Charlotte’s surge in population over the past few years means lots of folks are starting anew every day.
Plugging into a new community can be tough when you’re not connected. Searching for everything from a dentist to a dry cleaner can be exhausting. And if your job brought you here, navigating the ways of your new employer, while exciting, can be frustrating without some guidance.
Developing a trusted network is the way to go – but how?
Jamie B. asks the Boomer: “What has been your most successful way of networking within a new city/company/and/or industry?”
I turned to some of Charlotte’s best connected for help with this one:
Sarah Crosland, executive editor of magazines, the Charlotte Observer:
“I prefer to think of my method as less ‘networking’ and more ‘making friends.’ Be authentically curious, show interest and kindness, rather than have a ‘what can they do for me’ mindset. Don’t go to networking events to push your agenda. The person who is willing to have a genuine conversation rather than working the room will ultimately be the one who stays in your mind.”
Armah Shiancoe, marketing manager, AIS Advanced Imaging Systems:
“Always be authentic and focus on how you can be of value. This helps to build a deeper level of trust. If that’s done in an unselfish manner, the people you help will usually seek opportunities to be of help to you.”
Chris McLeod, president, Giving Matters:
“Be sure to let your network and the people you have spent time with you know when you land a job. Make sure you express your appreciation for their support. Less than 10 percent of the people I meet with do this….and they miss the opportunity to build a strong network for the long term if you don’t let them know.”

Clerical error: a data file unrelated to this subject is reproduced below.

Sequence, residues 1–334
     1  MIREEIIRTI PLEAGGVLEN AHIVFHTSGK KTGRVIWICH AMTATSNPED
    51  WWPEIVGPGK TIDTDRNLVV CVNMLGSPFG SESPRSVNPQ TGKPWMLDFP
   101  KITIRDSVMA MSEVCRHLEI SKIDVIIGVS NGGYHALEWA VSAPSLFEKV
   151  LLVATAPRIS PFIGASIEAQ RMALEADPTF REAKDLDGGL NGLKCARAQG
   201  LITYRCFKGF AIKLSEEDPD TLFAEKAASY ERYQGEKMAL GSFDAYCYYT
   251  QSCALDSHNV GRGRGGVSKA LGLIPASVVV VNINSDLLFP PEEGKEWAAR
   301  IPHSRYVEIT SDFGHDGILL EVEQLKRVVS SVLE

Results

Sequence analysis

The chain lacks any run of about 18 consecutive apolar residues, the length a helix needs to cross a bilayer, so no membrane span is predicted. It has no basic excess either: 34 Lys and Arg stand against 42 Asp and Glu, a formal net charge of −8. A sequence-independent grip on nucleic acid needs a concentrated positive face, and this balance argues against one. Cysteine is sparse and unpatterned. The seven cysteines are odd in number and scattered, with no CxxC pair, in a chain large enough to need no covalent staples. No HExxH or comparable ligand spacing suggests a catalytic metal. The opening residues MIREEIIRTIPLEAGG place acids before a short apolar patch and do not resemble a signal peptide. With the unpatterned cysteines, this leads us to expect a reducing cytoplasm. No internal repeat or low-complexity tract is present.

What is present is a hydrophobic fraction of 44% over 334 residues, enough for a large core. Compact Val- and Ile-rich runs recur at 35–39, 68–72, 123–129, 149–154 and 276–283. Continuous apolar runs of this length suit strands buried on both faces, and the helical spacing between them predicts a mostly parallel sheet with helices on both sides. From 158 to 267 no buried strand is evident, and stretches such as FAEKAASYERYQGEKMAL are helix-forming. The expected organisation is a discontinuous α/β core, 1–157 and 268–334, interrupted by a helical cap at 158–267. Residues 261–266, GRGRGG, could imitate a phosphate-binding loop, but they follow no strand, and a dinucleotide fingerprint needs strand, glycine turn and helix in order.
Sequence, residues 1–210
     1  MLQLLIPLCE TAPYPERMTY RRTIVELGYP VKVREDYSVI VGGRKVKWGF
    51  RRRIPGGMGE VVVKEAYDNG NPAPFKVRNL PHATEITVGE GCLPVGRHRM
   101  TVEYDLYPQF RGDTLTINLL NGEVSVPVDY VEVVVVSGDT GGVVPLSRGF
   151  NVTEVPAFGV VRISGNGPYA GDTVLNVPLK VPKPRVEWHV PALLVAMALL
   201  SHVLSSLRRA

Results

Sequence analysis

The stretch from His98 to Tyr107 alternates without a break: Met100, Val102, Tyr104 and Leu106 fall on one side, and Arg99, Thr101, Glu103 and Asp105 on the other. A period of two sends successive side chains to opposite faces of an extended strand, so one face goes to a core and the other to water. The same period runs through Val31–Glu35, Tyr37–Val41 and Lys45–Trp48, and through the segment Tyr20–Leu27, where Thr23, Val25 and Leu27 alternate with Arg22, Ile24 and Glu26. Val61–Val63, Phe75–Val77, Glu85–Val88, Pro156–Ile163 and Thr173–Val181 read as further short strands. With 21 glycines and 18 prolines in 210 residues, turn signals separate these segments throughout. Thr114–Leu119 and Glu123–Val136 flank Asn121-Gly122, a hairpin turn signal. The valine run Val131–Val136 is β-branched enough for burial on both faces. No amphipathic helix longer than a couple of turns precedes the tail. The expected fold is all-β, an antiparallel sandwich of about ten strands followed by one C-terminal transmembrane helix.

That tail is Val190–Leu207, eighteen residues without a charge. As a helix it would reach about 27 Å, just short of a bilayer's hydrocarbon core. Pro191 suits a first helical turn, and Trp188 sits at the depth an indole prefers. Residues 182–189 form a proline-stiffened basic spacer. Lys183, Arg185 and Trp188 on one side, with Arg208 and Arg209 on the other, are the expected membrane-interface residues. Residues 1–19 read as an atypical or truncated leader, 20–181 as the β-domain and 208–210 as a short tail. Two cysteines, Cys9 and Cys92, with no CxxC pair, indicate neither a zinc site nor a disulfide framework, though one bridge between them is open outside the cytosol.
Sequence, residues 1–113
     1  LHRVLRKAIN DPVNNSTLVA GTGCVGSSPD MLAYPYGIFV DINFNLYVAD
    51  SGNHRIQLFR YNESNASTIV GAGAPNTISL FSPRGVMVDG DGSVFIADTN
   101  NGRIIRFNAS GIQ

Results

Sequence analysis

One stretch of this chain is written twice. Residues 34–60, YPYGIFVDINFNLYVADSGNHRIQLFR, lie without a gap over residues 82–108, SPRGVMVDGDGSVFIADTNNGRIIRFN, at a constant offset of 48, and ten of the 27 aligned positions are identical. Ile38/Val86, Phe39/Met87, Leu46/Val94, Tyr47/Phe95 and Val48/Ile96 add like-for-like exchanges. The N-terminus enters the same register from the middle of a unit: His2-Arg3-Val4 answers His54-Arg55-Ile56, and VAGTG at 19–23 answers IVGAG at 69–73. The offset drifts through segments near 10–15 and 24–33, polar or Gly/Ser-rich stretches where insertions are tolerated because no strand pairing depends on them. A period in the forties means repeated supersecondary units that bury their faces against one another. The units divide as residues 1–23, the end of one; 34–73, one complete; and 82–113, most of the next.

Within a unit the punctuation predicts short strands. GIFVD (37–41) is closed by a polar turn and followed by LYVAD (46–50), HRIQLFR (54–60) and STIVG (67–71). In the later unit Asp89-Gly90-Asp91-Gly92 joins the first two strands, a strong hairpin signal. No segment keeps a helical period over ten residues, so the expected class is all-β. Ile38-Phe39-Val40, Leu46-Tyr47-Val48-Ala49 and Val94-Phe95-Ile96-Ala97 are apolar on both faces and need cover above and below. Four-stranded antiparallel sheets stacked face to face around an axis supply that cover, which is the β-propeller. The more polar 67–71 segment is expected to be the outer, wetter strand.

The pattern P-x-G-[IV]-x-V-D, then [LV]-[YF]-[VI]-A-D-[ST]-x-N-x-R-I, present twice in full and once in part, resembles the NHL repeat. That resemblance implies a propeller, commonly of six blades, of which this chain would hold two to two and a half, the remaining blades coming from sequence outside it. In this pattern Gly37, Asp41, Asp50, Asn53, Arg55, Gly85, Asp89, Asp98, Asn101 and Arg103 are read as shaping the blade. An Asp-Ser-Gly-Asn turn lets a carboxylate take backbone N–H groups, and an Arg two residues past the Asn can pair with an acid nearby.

Candice Langston, principal, Solid:
“When requesting someone’s time, know that time is money.
Offer to come to them, tell them specifically what you want. Take on the onus of suggesting some dates, and PICK UP THE CHECK. Send a hand-written thank you.”
Blair Primis, vice president, marketing, OrthoCarolina:
“I’m a believer in continuing the conversation. Have a second meeting over coffee or a beer so you can get to know them and what they stand for or what their cause is in a more in-depth way. Offer to help them in some capacity. Two-way partnerships are a key.”
Holly Bretschneider, founder, chief inspiration officer, Blue Sky Business Academy:
“Forget about networking and focus on connecting. Look for events that interest you. Set an intention before you walk in that you will connect with at least one new person. Strike a real, authentic conversation that feels natural to you. Ask questions like what excites them the most about their business, and non-business questions like what they enjoy doing when they’re not working. And really listen to what they say.”
There’s clearly a trend here – Authenticity and a focus on others, not yourself, is how relationships develop in the most natural way.
It took me ‘til age 50 (several years ago) to fully experience one of the greatest lessons in my life – It’s all about them, not me. Adopting this mindset has made a world of difference.
Have a question for our Boomer? Email it to firstname.lastname@example.org with the subject line “Ask a Boomer.”